Research lab working with data from the Minnesota Statewide Longitudinal Educational Data System (SLEDS).



December 31, 2022

No, we’re not a gathering place for winter sports enthusiasts living in a relatively cold climate.

We are researchers working with data from the Minnesota Statewide Longitudinal Educational Data System (SLEDS). Available SLEDS data include information gathered by The Minnesota Department of Education (preK–12 data), the Minnesota Office of Higher Education (post-secondary data), and the Minnesota Department of Employment and Economic Development (workforce data). Information is merged through use of a common identifier across systems. The resulting secure longitudinal data set follows children throughout their preK–12 years, into and through their college years, and into the workforce.

We have been working with deidentified individual level data provided to us by the Minnesota group responsible for SLEDS. They have created SLEDS and both maintain it and review external requests to analyze SLEDS data in ways that improve understanding of Minnesota’s educational system and its effectiveness. We are pleased to have received access to SLEDS data for our analyses.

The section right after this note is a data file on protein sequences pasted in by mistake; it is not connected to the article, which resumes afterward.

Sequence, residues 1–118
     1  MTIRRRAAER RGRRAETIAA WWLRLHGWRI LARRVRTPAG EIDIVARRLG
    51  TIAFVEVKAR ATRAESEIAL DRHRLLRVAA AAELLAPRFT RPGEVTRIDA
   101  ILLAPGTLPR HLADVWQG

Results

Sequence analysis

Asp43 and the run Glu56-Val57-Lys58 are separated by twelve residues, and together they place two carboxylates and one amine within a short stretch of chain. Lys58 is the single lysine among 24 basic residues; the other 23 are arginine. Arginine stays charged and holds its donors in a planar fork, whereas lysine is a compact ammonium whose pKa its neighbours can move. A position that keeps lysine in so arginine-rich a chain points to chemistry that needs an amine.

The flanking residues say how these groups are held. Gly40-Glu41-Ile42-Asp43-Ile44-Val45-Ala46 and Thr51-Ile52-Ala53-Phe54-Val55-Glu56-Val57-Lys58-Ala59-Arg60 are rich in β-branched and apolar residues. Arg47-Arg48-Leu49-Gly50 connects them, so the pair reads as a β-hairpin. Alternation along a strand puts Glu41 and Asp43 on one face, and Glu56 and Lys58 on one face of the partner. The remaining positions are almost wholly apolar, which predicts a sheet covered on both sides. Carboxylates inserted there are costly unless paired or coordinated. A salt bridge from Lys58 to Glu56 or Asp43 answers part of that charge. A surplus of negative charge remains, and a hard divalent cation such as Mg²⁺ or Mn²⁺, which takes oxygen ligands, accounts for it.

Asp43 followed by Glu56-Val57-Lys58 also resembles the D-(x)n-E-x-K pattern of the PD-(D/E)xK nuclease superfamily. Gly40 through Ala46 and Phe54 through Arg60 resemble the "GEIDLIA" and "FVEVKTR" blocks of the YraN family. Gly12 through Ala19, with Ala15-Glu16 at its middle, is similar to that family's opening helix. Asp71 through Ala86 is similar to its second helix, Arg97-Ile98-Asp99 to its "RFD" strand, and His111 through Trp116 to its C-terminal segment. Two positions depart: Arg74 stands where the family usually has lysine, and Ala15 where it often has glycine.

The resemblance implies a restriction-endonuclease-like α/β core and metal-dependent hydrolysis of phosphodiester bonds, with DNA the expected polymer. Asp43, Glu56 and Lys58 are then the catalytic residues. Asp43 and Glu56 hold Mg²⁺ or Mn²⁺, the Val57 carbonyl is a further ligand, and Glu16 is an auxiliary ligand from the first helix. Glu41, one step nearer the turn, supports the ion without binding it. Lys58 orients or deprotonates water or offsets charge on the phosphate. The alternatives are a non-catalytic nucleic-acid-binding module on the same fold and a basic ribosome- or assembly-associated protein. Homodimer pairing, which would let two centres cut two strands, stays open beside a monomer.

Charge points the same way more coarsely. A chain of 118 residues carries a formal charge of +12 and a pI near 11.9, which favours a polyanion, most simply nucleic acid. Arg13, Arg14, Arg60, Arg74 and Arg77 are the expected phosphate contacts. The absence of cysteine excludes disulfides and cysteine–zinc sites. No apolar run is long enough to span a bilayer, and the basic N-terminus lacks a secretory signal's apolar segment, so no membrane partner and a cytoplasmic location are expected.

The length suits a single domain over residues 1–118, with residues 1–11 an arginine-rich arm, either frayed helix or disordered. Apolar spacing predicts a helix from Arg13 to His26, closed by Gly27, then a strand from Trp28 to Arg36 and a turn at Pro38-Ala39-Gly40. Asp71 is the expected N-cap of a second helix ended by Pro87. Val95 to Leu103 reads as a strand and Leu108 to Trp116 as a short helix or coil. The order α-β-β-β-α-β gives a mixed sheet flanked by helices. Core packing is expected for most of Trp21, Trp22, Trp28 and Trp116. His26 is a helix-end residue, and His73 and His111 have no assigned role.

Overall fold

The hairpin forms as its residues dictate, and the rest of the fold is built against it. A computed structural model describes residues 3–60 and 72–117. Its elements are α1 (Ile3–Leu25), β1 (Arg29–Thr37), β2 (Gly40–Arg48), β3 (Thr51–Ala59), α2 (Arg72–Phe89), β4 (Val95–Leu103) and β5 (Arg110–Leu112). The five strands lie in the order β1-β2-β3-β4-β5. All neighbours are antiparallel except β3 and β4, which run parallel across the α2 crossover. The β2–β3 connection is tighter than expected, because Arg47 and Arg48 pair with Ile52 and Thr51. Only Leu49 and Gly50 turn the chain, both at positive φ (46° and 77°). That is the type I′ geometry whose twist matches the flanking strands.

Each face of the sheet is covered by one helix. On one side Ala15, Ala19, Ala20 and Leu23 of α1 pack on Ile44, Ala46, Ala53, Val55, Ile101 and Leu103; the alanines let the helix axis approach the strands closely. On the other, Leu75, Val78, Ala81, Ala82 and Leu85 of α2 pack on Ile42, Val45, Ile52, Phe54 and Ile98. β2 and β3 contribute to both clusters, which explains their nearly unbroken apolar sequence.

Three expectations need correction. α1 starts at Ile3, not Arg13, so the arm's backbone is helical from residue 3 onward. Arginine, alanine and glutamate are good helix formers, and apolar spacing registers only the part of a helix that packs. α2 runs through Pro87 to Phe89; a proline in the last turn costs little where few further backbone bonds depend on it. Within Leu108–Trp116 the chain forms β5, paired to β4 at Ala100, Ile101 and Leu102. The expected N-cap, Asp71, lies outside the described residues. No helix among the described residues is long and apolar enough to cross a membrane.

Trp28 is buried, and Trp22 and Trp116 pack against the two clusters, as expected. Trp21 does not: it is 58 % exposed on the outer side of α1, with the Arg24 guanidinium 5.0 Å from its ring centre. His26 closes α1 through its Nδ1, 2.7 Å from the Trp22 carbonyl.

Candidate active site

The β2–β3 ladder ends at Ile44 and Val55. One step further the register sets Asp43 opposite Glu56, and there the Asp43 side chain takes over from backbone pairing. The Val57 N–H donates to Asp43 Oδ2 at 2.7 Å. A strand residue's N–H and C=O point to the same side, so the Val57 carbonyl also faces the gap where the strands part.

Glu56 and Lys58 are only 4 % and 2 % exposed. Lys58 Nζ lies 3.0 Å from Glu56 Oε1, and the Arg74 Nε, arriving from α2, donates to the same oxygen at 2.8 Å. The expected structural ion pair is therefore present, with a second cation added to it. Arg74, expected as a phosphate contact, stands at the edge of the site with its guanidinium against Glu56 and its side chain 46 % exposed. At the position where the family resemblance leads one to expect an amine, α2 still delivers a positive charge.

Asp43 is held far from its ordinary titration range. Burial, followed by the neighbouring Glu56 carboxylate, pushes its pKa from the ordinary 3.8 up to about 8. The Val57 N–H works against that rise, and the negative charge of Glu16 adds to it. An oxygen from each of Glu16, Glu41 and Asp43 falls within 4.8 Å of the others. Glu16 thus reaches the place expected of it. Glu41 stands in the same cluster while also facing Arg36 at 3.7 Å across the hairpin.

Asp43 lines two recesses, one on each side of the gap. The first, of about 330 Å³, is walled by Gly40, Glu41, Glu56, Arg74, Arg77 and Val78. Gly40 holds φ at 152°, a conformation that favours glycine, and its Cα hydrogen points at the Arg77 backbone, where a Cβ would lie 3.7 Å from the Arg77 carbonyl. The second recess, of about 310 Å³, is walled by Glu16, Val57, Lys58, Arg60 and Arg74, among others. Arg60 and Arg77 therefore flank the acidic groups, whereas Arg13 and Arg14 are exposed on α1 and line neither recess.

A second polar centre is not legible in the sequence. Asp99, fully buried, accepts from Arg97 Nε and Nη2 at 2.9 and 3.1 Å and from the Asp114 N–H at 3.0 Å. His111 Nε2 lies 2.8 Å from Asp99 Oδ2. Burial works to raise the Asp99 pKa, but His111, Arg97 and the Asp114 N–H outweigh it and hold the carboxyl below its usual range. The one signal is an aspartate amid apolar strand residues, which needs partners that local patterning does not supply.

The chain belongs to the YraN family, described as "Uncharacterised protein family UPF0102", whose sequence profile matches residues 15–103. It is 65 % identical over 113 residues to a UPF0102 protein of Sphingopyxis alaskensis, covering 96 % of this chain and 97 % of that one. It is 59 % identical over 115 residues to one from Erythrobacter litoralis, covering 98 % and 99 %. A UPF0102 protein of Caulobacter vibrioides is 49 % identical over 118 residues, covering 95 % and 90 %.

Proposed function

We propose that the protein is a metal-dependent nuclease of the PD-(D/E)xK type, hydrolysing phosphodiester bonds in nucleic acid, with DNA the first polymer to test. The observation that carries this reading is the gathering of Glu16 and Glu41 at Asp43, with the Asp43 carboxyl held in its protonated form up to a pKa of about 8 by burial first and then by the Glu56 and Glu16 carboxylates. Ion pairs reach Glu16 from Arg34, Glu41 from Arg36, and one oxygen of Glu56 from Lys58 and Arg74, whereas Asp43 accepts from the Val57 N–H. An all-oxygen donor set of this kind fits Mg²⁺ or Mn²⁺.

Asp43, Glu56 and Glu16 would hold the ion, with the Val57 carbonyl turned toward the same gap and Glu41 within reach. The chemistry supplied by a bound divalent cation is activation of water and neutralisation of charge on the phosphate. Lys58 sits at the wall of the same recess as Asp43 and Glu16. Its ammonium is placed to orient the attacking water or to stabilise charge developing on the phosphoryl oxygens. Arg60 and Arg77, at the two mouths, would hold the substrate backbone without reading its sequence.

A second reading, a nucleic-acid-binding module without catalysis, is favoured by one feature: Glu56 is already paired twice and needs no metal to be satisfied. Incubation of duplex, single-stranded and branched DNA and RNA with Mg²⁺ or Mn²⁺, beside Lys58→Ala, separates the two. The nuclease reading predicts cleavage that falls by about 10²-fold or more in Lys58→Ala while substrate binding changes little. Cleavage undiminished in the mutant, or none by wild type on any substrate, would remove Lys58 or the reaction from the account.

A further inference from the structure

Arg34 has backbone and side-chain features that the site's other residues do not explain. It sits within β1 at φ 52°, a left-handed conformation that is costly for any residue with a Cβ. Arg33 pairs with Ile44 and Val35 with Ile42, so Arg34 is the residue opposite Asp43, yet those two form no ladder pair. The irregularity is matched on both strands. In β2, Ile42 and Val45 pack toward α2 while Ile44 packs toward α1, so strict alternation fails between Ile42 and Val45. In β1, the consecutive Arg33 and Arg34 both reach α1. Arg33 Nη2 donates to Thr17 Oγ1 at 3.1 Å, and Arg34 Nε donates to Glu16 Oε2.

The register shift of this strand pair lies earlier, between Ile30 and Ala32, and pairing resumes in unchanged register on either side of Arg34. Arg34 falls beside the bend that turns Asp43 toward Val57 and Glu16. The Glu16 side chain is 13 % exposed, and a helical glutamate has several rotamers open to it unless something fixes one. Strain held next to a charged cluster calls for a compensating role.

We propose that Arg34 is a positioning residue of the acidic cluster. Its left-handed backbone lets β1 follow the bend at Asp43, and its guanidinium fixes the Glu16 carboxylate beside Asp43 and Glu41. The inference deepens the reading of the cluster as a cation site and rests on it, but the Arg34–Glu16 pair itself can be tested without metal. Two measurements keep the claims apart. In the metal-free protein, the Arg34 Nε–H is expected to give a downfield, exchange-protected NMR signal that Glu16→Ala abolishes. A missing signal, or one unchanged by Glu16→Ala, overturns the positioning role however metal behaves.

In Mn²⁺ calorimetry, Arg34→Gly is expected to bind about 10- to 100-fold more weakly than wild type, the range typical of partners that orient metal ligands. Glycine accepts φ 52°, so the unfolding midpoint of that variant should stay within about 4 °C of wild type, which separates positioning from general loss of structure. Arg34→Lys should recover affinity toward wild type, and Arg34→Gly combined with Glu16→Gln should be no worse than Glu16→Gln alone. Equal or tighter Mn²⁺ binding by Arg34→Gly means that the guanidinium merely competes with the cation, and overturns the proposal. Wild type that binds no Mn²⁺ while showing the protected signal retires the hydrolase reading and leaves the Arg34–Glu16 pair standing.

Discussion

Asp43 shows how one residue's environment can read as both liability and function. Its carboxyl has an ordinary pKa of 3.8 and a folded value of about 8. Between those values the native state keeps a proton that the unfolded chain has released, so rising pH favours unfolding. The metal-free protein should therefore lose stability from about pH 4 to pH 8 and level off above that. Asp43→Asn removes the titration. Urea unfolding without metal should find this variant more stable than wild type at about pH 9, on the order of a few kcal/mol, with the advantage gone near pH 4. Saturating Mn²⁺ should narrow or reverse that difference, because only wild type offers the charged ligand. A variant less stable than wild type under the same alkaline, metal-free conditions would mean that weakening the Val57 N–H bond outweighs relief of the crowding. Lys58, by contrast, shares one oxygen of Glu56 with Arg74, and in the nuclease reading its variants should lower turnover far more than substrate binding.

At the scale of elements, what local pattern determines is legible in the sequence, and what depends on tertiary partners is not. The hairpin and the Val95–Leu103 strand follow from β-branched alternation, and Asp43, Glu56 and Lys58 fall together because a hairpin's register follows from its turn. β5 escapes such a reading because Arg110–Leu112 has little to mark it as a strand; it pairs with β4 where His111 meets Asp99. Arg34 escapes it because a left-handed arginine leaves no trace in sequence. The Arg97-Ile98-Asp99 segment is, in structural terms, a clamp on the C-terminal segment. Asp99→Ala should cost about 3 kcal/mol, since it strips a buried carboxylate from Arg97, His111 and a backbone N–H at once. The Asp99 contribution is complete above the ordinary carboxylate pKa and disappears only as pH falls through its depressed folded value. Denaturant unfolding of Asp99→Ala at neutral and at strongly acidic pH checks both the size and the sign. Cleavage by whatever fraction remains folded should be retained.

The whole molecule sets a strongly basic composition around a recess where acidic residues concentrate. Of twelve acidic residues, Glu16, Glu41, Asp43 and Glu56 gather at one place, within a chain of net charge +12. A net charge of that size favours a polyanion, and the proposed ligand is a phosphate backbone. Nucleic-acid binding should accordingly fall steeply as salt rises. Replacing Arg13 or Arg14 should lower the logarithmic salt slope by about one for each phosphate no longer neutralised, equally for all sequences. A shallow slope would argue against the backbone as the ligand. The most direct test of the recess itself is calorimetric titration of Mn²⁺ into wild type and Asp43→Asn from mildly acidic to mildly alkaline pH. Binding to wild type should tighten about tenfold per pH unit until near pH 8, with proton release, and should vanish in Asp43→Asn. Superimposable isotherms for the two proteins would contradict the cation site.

Our initial focus has been on increasing understanding of gender differences in educational trajectories of youth after they finish high school. Nationally, much as been written about the lesser proportion of males who attend post-secondary education. Our work has disaggregated gender differences, adding other variables (e.g., race, social class, citizenship status) and types of post-secondary education where students enroll to provide a more complete picture of differences in college-going behaviors of an entire graduating class from Minnesota’s public high schools. We also have begun exploring work experiences of youth attending (full time and part time) and not attending college.

Lab Members

Dr. Andrew Zieffler, Teaching Professor

Dr. Geoffrey Maruyama, Professor Emeritus

Marisa Peczuh, Doctoral student

Tai Do, Doctoral candidate

Shelby Weisen, Doctoral student

We are grateful for guidance we have received from staff at the Minnesota Office of Higher Education, in particular Meredith Fergus and Nora Morris. They have been valuable partners in our work.